Adam chats with AEI’s Peter Wallison and John Yoo about their new book: The Administrative State Before the Supreme Court: Perspectives on the Nondelegation Doctrine. They discuss common arguments about the nondelegation doctrine and whether the US Supreme Court is likely to start applying the doctrine to restrain administrative agencies.

Ed Whelan, Distinguished Senior Fellow at the Ethics and Public Policy Center, chats with Paul D. Clement, 43rd Solicitor General of the United States, about Clement’s experience with religious liberty cases leading up to the 110th case he has argued before the US Supreme Court, Kennedy v. Bremerton School District.

Attorneys Nathan Lewin, Erin E. Murphy, Mark Rienzi, and Marc D. Stern talk about upcoming religious liberty cases before the US Supreme Court in a panel discussion moderated by former Assistant Attorney General Steven A. Engel. The panelists debate the potential impact of Supreme Court rulings in those cases in addition to whether current approaches to protecting religious liberty are adequate to navigate contemporary challenges.

Matt Bowman of Alliance Defending Freedom, Andrea R. Lucas of the Equal Employment Opportunity Commission, and Roger T. Severino of the Ethics and Public Policy Center talk about developing policy challenges related to the free exercise of religion in a panel discussion moderated by D.C. District Court Judge Trevor N. McFadden. The panelists touch on issues like Covid-related limits on worship services, funding abortion, children being prescribed puberty-blocking drugs, vaccine mandates, and discrimination based on gender identity.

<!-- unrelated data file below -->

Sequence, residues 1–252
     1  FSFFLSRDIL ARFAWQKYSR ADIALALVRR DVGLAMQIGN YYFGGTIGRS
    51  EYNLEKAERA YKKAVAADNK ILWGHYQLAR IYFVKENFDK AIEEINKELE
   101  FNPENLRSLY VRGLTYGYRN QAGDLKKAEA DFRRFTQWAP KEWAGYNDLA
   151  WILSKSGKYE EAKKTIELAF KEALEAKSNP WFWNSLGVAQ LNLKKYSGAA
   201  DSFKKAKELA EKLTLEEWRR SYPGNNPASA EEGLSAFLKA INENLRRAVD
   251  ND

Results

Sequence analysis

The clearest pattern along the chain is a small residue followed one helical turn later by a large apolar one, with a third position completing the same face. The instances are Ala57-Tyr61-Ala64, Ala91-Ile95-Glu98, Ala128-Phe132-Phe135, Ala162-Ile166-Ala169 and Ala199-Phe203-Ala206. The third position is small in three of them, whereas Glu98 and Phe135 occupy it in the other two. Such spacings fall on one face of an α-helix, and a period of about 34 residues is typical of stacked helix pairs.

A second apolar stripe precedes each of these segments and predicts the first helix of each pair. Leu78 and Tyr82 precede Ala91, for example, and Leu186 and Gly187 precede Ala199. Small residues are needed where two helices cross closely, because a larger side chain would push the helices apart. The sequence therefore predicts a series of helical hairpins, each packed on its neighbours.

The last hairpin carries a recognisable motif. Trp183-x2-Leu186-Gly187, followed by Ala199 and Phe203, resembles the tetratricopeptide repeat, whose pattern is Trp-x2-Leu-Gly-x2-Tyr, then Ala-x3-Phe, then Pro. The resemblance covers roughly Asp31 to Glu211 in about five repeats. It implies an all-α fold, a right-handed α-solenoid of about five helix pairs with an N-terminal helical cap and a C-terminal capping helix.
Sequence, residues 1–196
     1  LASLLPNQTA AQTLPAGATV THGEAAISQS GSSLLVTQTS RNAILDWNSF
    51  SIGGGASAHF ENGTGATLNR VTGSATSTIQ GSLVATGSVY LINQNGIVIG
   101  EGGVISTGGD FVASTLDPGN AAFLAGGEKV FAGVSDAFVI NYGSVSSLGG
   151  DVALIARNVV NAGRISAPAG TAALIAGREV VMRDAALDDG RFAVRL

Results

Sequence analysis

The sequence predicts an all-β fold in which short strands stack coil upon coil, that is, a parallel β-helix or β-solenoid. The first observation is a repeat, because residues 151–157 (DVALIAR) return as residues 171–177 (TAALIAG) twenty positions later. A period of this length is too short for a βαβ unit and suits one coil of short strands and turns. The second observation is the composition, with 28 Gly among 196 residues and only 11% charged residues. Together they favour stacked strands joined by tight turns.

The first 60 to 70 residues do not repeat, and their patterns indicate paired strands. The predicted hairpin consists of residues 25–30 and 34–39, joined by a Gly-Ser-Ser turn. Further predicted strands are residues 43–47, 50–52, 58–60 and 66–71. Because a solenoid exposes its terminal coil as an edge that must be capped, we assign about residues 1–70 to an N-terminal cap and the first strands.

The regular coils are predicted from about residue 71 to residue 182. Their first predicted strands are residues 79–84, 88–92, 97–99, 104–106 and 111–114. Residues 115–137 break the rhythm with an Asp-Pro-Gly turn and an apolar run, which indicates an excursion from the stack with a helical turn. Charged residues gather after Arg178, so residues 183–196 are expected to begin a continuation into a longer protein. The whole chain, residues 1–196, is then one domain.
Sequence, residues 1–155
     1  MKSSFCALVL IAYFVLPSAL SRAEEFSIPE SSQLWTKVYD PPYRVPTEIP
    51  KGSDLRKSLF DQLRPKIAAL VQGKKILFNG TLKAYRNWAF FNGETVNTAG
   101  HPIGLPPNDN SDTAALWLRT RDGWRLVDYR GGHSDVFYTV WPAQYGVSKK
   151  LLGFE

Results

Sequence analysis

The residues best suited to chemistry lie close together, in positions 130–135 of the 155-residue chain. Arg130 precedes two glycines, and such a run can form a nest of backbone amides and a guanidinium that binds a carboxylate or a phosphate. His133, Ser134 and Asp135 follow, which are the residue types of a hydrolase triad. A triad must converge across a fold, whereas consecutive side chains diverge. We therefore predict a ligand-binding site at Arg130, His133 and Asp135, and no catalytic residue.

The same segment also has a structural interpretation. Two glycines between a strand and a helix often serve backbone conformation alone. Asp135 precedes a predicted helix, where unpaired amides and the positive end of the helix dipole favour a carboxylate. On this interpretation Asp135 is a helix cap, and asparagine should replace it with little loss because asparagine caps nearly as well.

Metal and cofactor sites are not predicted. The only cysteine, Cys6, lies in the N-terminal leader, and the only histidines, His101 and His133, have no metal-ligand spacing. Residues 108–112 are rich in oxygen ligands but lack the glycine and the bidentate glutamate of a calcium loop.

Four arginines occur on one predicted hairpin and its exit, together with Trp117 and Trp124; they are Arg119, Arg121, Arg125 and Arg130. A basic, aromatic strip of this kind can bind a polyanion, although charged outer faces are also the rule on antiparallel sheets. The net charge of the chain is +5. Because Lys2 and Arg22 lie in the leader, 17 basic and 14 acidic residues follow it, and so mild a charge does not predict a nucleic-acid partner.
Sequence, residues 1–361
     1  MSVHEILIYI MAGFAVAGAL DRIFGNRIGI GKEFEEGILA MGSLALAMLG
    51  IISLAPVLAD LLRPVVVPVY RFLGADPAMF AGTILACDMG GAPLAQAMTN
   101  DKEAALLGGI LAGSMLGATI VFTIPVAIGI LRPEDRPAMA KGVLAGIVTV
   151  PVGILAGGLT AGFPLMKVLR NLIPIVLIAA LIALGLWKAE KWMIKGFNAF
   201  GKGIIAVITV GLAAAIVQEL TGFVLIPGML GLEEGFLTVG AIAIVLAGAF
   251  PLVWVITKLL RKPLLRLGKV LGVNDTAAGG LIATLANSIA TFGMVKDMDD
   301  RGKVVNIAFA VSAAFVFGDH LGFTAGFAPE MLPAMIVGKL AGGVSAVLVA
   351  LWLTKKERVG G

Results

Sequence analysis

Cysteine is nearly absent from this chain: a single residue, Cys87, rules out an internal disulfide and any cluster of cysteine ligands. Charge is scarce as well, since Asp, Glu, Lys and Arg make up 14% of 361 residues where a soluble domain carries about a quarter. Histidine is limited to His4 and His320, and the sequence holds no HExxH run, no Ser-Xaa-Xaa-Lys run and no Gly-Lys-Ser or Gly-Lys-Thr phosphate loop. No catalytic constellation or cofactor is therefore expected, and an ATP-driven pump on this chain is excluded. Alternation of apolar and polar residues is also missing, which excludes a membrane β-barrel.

Adam chats with Wharton School Assistant Professor Brian D. Feinstein about his new paper, “Submerged Independent Agencies,” co-authored with the University of Chicago Law School’s Jennifer Nou. The paper covers hundreds of examples of administrative agency officials sub-delegating rulemaking powers to civil servants who are not appointed by the president, a court of law, or a department head and surveys the constitutional implications of those arrangements.

On March 18, the Gray Center hosted the First Annual Gray Lecture on the Administrative State, an event that we hope to make a keynote of our calendar each year.

This included a panel discussion, featuring Professors John Harrison, Aaron Nielson and Aditya Bamzai, along with Gray Center Co-Executive Director Adam White. They discussed the future of “agency independence” in the aftermath of Seila Law v. CFPB (2020) and Collins v. Yellen (2021), along with the broader trajectory of the Supreme Court’s jurisprudence on appointments and removal.  Each of the professors has also authored or co-authored a new Gray Center Working Paper.